Through display advertising’s history of consistently delivering irrelevant content and its design never aligning to its surroundings, consumers have nurtured a scanning reflex called ‘banner blindness’.   

This isn't a new condition, ‘banner blindness’ has been around for a very long time. 

The heat map below is one example of a study done to determine consumer eye movement when banner advertisements are displayed on a page. This study was completed back in 2007.  

 

The red and yellow areas indicate where the consumer's eye spent the most time.  The green boxes have been added after the study was completed to show where the banner advertisements were positioned on the page.

Due to the strong desire for consumers to remain in control of their content consumption this condition has grown stronger over time and is now spilling into ecommerce websites negatively affecting consumer experience.

The greatest impacts on ecommerce sites are highly trafficked landing pages using carousels, in particular, the home page.

Why are Carousels affected by this condition?

1.  Movement

Movement is part of the banner blindness condition. Consumers are now conditioned to understand most movement comes from advertisements and therefore assume the content is not important and/or irrelevant.  

From a retailers perspective, why temporarily display important content? If it’s important, it should be constantly on display. If the use of a carousel is used to placate multiple stakeholders, work through this internal barrier and think of the customer first. 

A carousel banner is similar to having a bricks and mortar feature window where large volumes of foot traffic pass by on a daily basis, and for every three to five seconds, throw a blanket over the top of your feature display.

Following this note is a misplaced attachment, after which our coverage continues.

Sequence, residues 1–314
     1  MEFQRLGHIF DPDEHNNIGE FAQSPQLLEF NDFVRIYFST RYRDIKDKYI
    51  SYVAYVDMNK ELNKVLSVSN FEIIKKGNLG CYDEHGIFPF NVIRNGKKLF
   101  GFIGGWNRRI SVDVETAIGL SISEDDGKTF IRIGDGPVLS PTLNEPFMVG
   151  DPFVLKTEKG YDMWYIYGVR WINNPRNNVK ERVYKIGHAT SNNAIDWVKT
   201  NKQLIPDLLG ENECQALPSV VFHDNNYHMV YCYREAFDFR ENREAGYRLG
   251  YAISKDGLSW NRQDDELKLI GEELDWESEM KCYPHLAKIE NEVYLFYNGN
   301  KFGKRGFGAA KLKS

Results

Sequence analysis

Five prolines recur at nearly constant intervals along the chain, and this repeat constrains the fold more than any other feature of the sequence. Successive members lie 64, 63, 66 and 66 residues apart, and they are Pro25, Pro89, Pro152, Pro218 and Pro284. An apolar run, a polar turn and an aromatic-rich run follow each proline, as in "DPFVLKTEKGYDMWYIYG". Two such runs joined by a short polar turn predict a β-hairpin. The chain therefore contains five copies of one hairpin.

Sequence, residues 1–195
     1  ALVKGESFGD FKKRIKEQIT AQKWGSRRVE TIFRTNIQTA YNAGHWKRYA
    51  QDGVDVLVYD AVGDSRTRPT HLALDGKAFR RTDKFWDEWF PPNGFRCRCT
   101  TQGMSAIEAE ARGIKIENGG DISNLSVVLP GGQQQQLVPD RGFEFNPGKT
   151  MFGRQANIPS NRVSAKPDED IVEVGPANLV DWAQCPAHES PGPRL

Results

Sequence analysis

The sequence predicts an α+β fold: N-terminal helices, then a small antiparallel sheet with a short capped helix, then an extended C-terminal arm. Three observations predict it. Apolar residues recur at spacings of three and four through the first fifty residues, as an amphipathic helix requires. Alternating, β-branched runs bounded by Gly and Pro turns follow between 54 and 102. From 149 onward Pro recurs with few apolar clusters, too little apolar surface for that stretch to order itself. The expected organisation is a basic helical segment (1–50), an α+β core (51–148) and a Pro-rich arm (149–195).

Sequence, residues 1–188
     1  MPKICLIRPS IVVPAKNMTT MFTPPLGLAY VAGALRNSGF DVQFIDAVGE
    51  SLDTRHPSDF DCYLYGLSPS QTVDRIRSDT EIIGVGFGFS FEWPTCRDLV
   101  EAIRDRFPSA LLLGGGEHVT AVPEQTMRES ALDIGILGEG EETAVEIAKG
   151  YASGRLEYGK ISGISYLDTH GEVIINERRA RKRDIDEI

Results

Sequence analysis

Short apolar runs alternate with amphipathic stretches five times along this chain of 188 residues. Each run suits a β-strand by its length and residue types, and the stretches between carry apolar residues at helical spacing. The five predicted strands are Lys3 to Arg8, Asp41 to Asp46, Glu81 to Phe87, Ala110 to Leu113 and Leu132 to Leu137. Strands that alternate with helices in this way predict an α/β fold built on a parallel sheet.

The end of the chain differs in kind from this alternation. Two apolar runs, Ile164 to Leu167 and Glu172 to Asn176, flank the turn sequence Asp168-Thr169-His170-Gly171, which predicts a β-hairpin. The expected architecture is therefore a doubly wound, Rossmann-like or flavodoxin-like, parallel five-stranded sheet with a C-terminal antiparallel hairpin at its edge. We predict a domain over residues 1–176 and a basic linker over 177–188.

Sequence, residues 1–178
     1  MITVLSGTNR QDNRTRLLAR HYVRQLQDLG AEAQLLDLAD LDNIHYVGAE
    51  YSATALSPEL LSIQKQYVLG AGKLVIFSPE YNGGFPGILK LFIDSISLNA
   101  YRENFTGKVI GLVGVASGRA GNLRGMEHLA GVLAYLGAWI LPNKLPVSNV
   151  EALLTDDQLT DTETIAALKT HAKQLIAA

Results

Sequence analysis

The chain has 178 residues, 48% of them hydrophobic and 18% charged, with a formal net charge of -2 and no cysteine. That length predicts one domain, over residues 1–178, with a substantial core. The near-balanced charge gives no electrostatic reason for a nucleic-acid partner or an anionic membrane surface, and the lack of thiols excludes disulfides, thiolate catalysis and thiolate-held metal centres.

Many consumer experience experts will say movement draws the eye, however if the consumer is conditioned to know this movement is irrelevant, no amount of movement will draw his/her attention. Banner blindness trumps movement every time.   

2.  Banner design resembles print advertisement 

If a carousel banner looks like a print advertisement the consumer will think it’s a print advertisement and ignore it.  

Any banner design sitting outside of the digital style guide will be ignored. 

Retailers need to acknowledge this condition and do two things: 

  1. Understand the impacts from this condition
  2. Learn what can be done to refocus a consumer’s eye to this prime content real estate

Banner blindness impacts consumer-buying journeys in three fundamental ways 

1.  Distraction 

The carousel occupies prime real-estate within the active window (active window defined as all the content elements of a page viewable without scrolling) pushing down important content and distracting the consumer away from key content and navigation elements.  

The carousel makes the next step in the consumer's journey more difficult.

2.  Disrupts the buying journey 

Retailers have a built in assumption around consumers being more prone to scroll due to the penetration of mobile devices.  

Think again and respect the fold. Consumers are less likely to scroll past the carousel and down the landing page if they are initially presented with irrelevant content. There is no incentive to keep going. 

Scrolling takes the same amount of effort as a click so think of scrolling as a click. 

The power of the fold is seen in a study done in February 2015 where approximately 60,000 eye fixations were measured on web pages (excluding search engine pages).  

The heat map below shows the bulk of the fixations above the first dark line representing the average screen resolution (desktop screen resolution) in the study.

  

This study plus Google’s recent statistics on display banner viewability paints a clear picture. Google confirmed banners above the fold had 73% viewability and those below had 44%. Google’s study merely looked at when a banner was presented on screen. 

3. Mobile   

The above two issues are heavily compounded on mobile devices.  

One example of this is commonly seen when carousel banners are deeper by design. Carousels would display on a desktop screen with a chance of other content elements being seen within the active window, however on tablets in the landscape view, a false bottom is commonly created.  

False bottoms provide consumers with the sense there is no other content below the fold. Tablet landscape view holds 60% of all screen views over the vertical view making this issue significant.